Will eurozone inflation continue to slow?

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Eurozone inflation is forecast to slow slightly to 2.5 per cent when March data is published on Wednesday, providing something for both sides in the debate about how soon the European Central Bank should cut interest rates.

Most economists think consumer price growth will dip from 2.6 per cent the previous month. Smaller increases in goods and food prices are expected to be largely offset by higher oil prices and the impact of an earlier Easter period, which is expected to raise prices of package holidays and flights.

“Steady core inflation should reflect ongoing disinflation in goods and a temporary reacceleration in service prices due to the early timing of Easter, which is expected to fuel an increase in prices for holiday-related items,” UniCredit economists wrote in a note.

Deutsche Bank analysts predict the early timing of Easter will push up package holiday prices by 10 per cent in March from the previous month and lift European air fares by an annual rate of 4 per cent in March, before they drop 8 per cent in April.

Despite this, national inflation data published this week suggested that overall price pressures still increased less than expected in March.

Spanish inflation rose less than economists’ forecast to 3.2 per cent in March, despite reduced government subsidies pushing up electricity and fuel prices. French inflation slowed from 3.2 per cent to 2.4 per cent. In Italy price growth rose from 0.8 per cent to 1.3 per cent, but was below economists’ forecast of 1.5 per cent.

The ECB next meets to decide policy on April 11. But senior policymakers have already signalled they are likely to wait until June to check if wage pressures are moderating enough for them to cut rates. If inflation slows only slightly in March, as widely forecast, it is unlikely to persuade rate-setters to change their plans. Martin Arnold

Did US hiring slow in March?

US employers’ pace of hiring is expected to have slowed in March but it is not likely to persuade the Federal Reserve to cut interest rates early.

The labour department is forecast to report on Friday that the US added 200,000 jobs in March, according to economists polled by Reuters. That is down from the 275,000 added in February. The unemployment rate is expected to be unchanged at 3.9 per cent.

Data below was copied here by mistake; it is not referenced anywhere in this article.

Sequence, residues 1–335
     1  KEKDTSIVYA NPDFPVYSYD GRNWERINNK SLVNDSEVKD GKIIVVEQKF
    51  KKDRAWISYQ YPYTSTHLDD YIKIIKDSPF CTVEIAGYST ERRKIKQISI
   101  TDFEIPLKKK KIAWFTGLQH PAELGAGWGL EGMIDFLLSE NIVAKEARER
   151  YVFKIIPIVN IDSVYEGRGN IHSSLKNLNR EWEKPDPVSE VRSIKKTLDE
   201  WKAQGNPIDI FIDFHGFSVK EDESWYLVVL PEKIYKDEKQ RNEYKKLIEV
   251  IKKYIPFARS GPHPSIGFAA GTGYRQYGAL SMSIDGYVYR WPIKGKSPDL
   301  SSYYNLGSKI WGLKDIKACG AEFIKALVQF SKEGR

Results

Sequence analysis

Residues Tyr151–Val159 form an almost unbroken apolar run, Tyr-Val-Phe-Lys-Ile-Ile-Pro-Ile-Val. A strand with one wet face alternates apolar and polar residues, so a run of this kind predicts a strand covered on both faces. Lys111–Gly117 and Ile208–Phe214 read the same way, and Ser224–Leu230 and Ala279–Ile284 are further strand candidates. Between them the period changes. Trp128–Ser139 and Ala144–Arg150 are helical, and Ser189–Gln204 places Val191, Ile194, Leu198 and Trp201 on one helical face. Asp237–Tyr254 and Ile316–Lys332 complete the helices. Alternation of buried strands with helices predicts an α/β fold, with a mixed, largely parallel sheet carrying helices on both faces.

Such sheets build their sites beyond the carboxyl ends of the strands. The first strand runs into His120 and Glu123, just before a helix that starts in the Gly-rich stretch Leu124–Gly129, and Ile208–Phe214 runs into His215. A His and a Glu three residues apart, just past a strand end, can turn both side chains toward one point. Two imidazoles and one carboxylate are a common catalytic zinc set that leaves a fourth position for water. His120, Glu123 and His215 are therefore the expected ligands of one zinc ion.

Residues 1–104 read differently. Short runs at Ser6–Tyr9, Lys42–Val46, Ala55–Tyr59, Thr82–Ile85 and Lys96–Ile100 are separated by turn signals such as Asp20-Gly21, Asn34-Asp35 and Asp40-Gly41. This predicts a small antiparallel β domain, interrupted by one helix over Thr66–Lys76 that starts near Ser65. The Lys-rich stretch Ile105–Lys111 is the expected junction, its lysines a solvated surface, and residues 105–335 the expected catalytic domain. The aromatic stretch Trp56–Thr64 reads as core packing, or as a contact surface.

Growth in February and March still indicates that the labour market remains strong. The steady state of the unemployment rate also suggests it is unlikely that the figures will persuade the Fed to cut interest rates earlier or faster than the current forecast of three cuts this year beginning this summer.

But continued weakness in the coming months, may help make the case for future rate cuts down the line, wrote Ian Lyngen, head of US rates strategy at BMO Capital Markets.

“While there is no degree of weakness . . . in the jobs data that would get the Fed to cut before June, investors have been very cognisant that the risk of a spike in the unemployment rate continues to provide a potential policy-accelerating impulse,” he said. Kate Duguid

Will Chinese business confidence begin to rise?

Investors will be closely watching a Chinese business confidence survey for indications that depressed sentiment is beginning to lift.

Caixin is scheduled to release its March services purchasing managers’ index reading on Wednesday. In recent months the Caixin PMIs have outperformed their official counterparts from the National Bureau of Statistics, which focuses on larger and more state-owned businesses.

In particular, the Caixin services PMI has expanded — meaning a reading above 50 — every month since December 2022, when China ended its long-standing zero-Covid policy. That has indicated some signs of a recovery in a moribund economy as restaurants, cinemas and shopping malls fully reopened after years of intermittent lockdowns.

“The encouraging start to industrial data at the start of the year also raises the possibility of an upside surprise,” wrote analysts at ING in a recent note. Still, another month of business expansion is unlikely to spark an inflow into China’s depressed equity markets, or to significantly alter muted business and consumer sentiment.

The bigger problem is that China’s current plan for achieving its 5 per cent growth target for 2024 is still highly reliant on exports rather than stimulating domestic consumption.

But China’s economy is now so big, and overseas political opposition to some of its exports so high, that it is unclear if there is sufficient foreign demand to pull Asia’s largest economy out from its deflationary trajectory. William Sandlund

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